I noticed a group on Facebook titled: Georgia Tech Class of 2011. With over 1,000 members, this essentially represents about half of our incoming freshmen class. It’s still a bit early, but I estimate that the number will reach 1,700 by the end of August.
The students are using this forum to share in their anticipation as well as to ask each other questions and find social similarities.
There are nearly 2,500 comments posted on the group “wall” which is like a bulletin board. There are also over 70 photos posted of places around campus– none of the Library of course, so I uploaded a few interesting ones.
Perhaps the most useful tool is the message board, which is fully searchable, providing insight into their mindset:
- Dorm rooms
- “Good” professors
- Time Travel Theories
- PC vs. Mac / XP vs. Vista
This type of group provides academic librarians with an opportunity to “know thy user” but is also a chance to make a good first impression. I’ve started posting answers or responding directly to individuals on topics such as safety on campus and around Atlanta, laptop computer requirements, places to eat, the music scene, trolley and subway transportation, weather, and freshmen orientation sessions.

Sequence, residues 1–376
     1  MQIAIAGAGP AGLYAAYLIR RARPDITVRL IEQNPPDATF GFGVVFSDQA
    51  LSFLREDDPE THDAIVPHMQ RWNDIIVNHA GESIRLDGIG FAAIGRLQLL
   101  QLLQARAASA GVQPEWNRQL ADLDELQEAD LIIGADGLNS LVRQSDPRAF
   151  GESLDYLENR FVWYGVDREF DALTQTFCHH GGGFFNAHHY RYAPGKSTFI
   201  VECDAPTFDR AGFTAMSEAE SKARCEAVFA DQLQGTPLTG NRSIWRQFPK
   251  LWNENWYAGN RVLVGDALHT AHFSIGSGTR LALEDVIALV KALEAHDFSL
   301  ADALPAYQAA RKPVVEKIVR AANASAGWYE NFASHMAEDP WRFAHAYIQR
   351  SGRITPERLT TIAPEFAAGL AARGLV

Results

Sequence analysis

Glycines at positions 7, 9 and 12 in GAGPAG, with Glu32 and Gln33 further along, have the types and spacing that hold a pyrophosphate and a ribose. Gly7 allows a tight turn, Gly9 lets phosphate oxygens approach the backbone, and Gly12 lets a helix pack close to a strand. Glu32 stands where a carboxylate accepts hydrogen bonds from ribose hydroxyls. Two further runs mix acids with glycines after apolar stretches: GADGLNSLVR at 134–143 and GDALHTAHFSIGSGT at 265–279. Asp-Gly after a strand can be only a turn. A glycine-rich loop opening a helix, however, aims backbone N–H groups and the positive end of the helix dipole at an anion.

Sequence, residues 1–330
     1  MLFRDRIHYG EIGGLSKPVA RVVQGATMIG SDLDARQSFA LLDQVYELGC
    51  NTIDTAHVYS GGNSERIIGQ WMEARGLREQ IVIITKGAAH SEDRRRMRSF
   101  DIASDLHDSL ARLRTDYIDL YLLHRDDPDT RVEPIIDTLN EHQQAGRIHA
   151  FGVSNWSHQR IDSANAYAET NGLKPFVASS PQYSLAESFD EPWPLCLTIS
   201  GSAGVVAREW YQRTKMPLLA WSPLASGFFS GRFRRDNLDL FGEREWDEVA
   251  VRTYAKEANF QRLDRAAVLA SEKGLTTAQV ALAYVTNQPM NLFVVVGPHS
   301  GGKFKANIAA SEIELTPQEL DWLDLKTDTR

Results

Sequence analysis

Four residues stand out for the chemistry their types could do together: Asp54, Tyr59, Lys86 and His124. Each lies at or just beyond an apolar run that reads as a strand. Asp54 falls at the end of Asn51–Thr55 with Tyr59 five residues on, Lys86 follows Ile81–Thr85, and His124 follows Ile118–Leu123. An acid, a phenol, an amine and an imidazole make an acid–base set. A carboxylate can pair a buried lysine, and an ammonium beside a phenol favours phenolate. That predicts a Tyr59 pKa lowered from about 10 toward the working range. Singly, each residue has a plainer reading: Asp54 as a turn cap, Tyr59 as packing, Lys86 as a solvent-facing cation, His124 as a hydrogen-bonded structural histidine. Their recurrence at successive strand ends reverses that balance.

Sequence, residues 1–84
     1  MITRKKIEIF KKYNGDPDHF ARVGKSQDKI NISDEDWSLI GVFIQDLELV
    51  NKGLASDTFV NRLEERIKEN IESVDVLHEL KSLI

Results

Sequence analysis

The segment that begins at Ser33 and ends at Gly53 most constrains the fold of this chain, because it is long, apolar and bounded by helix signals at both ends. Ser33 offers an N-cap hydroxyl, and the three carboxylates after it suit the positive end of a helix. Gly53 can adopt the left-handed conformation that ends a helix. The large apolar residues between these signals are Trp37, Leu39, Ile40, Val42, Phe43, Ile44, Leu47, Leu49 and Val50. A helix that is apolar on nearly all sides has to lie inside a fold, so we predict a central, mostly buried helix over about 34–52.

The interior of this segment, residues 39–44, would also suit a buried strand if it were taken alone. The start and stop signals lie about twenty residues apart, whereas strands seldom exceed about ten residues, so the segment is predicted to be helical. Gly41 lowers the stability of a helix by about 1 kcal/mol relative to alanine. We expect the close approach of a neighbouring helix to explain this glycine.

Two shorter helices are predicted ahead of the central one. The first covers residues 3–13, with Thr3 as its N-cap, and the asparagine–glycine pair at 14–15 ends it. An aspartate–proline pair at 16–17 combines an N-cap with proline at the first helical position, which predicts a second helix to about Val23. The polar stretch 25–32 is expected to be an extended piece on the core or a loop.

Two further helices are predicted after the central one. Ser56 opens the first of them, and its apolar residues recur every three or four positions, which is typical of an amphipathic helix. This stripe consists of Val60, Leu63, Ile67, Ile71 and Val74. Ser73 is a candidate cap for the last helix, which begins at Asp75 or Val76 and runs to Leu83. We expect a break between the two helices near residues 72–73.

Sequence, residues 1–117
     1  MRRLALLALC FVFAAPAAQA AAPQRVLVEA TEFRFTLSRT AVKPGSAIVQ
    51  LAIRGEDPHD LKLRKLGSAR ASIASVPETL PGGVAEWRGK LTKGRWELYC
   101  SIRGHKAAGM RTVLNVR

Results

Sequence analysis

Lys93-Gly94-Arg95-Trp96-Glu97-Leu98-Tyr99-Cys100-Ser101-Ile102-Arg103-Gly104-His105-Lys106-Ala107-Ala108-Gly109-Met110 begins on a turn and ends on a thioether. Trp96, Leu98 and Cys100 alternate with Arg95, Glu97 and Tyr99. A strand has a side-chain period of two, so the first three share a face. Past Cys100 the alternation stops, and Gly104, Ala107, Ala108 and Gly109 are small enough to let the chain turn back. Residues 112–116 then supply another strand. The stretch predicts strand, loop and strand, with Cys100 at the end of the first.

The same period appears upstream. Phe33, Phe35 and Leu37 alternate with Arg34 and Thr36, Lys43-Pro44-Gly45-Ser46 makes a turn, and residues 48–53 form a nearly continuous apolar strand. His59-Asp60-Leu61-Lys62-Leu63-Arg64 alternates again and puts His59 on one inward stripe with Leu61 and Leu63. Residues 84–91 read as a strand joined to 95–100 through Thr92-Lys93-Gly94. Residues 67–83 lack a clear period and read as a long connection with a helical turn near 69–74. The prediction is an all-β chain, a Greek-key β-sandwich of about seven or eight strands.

The students have responded favorably. At this phase their optimism is very high and they seem to like having a direct connection to the school. This illustrates the ubiquitous philosophy – that it doesn’t always have to be about the books, journals, and library services. There is a time for that and this is not that time. For me it is more about fitting into the community, finding genuine needs, and helping out when possible. Student success involves more than peer-reviewed journal articles and proper citation style.
This type of outreach enables us to position ourselves as an open, friendly, welcoming service environment. We’re Disneyland compared with the stress of financial aid, registration, and housing. (Free printing, café, fantastic air conditioning, comfortable couches, lots of computers, cool software, cool equipment.)
Before they even arrive on campus, we have a chance to make a positive impression—to stake out our claim that this isn’t a typical library. I’ve already had a few questions directed my way from seemingly random students, as well as a few friend requests. So for those of you who feel students don’t want to interact with us on FaceBook, maybe it’s your approach. There is something to be said for the subtle art of conversation. Listen first, then talk. (Not the other way around)
See Also: What do freshmen want? (My experiment last year with incoming freshmen.)